Widespread allegations prompt investigation
Western Australia has appointed a PwC workplace culture expert to review the protocols of the Department of Mines, Industry Regulation and Safety (DMIRS) as part of the government's actions in stamping out sexual harassment and assault in the mining industry.
"I'm pleased to appoint Elizabeth Shaw to review the Department of Mines, Industry Regulation and Safety's processes for dealing with sexual harassment and sexual assault in Western Australia's mining industry," said Mines and Petroleum Minister Bill Johnston in a statement.
"Ms. Shaw is a well-respected advocate for gender equality and has extensive experience in improving workplace culture and working with senior leaders across a range of industries to drive change," he added.
Shaw, who specialises in diversity, inclusion, culture and change at PwC Australia, is expected to review the enforcement model of DMIRS, its organisation capabilities, as well as regulatory responses to sexual harassment and assault on mine sites.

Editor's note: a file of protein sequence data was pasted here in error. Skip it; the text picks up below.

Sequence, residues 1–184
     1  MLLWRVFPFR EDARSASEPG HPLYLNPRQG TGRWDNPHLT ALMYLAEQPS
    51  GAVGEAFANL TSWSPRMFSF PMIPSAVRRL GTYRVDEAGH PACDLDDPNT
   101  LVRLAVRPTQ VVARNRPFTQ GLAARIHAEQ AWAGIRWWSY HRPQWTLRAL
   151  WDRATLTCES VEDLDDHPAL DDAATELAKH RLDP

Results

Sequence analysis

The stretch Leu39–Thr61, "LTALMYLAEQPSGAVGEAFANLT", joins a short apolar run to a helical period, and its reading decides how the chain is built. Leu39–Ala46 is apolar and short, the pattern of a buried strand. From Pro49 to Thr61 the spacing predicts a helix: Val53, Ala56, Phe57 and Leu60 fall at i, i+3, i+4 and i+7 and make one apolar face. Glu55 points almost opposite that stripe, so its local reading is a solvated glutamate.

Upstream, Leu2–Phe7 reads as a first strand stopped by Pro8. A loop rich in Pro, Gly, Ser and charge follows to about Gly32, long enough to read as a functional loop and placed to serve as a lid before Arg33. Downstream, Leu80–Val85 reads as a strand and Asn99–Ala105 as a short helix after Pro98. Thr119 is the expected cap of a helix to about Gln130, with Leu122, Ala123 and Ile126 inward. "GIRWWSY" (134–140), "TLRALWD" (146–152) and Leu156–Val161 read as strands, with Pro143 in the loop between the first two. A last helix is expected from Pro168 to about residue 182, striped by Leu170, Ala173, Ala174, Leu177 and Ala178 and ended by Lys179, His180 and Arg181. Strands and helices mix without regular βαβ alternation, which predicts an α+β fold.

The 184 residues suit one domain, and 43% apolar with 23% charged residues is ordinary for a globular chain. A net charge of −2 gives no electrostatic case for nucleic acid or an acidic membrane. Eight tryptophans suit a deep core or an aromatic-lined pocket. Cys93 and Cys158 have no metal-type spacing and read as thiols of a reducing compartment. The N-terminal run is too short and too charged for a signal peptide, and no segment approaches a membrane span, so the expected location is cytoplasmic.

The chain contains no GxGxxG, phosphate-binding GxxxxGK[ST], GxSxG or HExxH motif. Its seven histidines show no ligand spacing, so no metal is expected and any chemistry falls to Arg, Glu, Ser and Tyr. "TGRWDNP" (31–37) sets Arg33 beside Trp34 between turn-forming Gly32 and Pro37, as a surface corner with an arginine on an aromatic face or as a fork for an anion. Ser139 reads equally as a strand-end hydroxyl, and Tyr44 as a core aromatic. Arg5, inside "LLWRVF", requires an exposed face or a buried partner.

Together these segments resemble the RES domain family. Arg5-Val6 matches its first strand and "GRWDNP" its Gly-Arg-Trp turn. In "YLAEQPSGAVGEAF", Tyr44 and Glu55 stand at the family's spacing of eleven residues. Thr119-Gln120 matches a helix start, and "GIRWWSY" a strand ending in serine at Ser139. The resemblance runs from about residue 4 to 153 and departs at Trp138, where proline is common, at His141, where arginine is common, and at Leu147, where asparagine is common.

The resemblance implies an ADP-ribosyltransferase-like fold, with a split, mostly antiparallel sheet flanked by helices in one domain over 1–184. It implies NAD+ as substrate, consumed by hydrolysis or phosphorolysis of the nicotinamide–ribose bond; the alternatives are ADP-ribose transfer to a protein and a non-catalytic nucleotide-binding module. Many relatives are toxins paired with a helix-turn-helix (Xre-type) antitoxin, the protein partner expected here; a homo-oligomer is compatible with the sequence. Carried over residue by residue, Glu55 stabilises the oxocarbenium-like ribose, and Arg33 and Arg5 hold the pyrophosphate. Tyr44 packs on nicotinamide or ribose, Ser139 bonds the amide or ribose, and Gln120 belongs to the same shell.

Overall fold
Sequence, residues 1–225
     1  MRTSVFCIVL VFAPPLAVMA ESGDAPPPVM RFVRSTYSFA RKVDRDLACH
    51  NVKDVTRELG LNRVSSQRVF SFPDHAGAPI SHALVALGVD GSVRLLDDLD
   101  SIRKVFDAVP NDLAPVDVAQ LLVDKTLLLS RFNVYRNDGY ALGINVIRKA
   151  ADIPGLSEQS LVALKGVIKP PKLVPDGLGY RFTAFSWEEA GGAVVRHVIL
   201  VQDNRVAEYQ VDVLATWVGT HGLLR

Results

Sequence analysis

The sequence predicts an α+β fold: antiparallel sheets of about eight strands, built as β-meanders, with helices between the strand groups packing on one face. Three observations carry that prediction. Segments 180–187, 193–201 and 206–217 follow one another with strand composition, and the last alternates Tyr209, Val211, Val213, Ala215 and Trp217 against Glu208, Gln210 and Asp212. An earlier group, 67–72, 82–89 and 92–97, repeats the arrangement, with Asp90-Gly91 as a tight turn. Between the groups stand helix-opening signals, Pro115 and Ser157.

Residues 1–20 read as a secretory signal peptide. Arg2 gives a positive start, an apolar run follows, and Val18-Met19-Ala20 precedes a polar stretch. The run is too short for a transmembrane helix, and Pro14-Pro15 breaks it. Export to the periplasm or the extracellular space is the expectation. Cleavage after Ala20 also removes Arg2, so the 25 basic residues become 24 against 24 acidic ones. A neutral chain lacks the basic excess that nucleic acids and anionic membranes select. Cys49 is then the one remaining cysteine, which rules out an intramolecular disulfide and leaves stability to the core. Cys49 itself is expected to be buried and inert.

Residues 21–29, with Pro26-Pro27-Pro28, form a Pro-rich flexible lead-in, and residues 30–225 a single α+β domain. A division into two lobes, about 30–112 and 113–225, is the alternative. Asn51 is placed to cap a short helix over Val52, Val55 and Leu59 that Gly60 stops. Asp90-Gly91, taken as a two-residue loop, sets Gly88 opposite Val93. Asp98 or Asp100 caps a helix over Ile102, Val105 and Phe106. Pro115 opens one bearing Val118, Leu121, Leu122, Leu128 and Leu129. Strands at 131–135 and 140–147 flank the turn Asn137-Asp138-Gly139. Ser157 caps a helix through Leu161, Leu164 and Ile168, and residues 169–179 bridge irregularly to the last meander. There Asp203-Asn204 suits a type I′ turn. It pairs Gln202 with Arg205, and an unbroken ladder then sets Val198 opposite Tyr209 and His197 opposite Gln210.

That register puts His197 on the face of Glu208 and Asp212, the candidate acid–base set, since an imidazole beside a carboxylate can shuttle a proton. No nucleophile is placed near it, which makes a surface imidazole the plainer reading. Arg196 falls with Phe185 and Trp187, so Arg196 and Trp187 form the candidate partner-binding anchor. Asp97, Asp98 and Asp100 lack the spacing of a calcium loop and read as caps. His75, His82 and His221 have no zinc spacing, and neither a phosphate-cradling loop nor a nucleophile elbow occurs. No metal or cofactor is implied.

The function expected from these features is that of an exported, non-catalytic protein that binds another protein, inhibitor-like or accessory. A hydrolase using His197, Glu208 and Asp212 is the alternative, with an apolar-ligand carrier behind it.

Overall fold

Her findings are expected to be delivered in late 2022.
Meanwhile, Women's Interests Minister Simone McGurk also vouched for the credibility of Shaw, citing their previous collaborations together.
"Sexual violence is not something anyone should be exposed to, let alone in the workplace. However, it is a harsh reality that it is a problem across many industries," said McGurk.
"The appointment of an independent expert to examine the Department of Mines, Industry Regulation and Safety's processes for handling these incidents will be invaluable and help drive the change that is required."
Shaw's appointment came amid the recent widespread reports of sexual harassment and assault that rocked the mining industry.
In response to these reports, WA Premier Mark McGowan previously announced further investment in additional WorkSafe inspectors and funding to the DMIRS.
He also encouraged mining companies to "step up."
In her statement, McGurk also said that while it is vital for women to work in areas where they feel safe, businesses would also find benefits in this action.
"It is vital that mine sites are places women want to work and where they will feel safe, but it is also worth noting that companies with greater diversity are more profitable and productive," she said.